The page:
This court uses a "common sense approach" to determine if the defendant's offense qualifies as an enumerated offense in the Guidelines. United States v. Sanchez-Ruedas, 452 F.3d 409, 412 (5th Cir. 2006) ("common-sense approach" requires a determination of the generic and contemporary meaning); see also United States v. Izaguirre-Flores, 405 F.3d 270, 274-75 (5th Cir. 2005). We review the district court's interpretation de novo. Id. at 272.

The Texas statute at issue meets a common sense definition of "statutory rape." This statute punishes consensual sexual intercourse with a child, defined as a person younger than the age of seventeen. TEX. PENAL CODE §§ 22.011(a) (2), (c) (1). Alvarado-Hernandez's prior conviction was based on an indictment that charged him with having consensual sexual intercourse with a fourteen-year-old victim, sufficient to meet a common-sense as well as a generic, contemporary definition of statutory rape.1  See United States v. Lopez-Garcia, 163 Fed.Appx. 306, 307-08 (5th Cir. 2006) (unpublished).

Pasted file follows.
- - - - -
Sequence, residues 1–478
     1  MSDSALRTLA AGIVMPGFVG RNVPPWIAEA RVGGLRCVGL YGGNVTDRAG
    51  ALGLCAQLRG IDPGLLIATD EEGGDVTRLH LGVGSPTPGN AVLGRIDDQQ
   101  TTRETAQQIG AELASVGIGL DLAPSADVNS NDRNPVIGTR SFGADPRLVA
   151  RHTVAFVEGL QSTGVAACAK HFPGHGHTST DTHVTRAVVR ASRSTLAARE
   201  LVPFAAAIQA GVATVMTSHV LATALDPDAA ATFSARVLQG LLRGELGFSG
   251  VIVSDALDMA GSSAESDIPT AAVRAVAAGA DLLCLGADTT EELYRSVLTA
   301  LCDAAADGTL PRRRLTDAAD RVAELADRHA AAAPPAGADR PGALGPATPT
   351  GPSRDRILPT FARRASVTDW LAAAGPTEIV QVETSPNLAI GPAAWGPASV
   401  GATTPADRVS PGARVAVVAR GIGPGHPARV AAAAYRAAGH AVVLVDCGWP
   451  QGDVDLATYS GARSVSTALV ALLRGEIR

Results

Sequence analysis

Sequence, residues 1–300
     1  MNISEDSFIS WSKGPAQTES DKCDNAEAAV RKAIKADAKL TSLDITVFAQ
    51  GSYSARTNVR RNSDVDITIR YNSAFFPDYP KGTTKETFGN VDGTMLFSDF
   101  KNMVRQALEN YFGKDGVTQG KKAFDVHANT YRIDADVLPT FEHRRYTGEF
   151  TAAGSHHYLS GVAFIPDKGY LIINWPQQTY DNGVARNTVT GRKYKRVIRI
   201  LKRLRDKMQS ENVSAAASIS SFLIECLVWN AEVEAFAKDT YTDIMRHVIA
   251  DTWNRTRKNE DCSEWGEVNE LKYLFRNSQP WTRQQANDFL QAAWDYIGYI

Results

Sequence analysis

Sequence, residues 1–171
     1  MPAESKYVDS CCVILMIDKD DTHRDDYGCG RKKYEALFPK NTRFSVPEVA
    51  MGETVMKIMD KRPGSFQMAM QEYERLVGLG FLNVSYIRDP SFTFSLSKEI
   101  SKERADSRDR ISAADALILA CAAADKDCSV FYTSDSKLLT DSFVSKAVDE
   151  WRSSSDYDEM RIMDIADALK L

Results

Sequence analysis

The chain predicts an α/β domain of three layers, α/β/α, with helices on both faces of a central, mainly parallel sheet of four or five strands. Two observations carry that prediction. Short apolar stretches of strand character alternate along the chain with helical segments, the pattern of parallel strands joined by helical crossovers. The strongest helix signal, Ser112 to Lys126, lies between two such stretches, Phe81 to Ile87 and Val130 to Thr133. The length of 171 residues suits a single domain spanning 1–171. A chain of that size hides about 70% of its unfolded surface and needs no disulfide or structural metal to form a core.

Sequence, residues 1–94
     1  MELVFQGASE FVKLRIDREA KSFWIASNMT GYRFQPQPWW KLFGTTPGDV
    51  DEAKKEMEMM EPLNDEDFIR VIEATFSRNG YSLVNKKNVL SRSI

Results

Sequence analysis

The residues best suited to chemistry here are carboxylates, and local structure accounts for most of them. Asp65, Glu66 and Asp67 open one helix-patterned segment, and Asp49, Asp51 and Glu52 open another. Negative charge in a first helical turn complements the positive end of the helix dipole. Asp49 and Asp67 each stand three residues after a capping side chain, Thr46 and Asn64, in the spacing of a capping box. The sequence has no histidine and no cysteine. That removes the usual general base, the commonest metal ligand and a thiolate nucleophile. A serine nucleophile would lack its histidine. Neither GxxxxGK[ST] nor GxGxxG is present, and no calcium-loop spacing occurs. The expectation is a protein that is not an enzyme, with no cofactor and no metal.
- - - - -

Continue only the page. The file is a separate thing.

This case is distinguishable from United States v. Luciano-Rodriguez, 442 F.3d 320 (5th Cir. 2006), reh'g en banc denied, ___ F.3d ___, 2006 WL 2235104 (5th Cir. Aug.3, 2006), in which we held that because TEX. PENAL CODE § 22.011(a) (1) defines sexual assault to include those offenses where "assent is rendered a legal nullity by the statute," a conviction under subsection (a) (1) is not a forcible sex offense and thus not a crime of violence. Luciano-Rodriguez involved a prior conviction under subsection (a) (1) of the statute, which prohibits intentional or knowing sexual penetration "without the consent" of the other person. By contrast, this case involves a prior conviction under subsection (a) (2), which prohibits intentional or knowing sexual penetration regardless of consent. Luciano-Rodriguez controls only those cases in which the defendant's prior conviction was under subsection (a) (1) because the victim's consent is relevant only under that subsection. Moreover, the holding in Luciano-Rodriguez went only to the issue whether an offense under subsection (a) (1) fit within the enumerated offense of "forcible sex offenses." The issue here, however, is whether Alvarado-Hernandez's prior offense under subsection (a) (2) constitutes the enumerated offense of "statutory rape."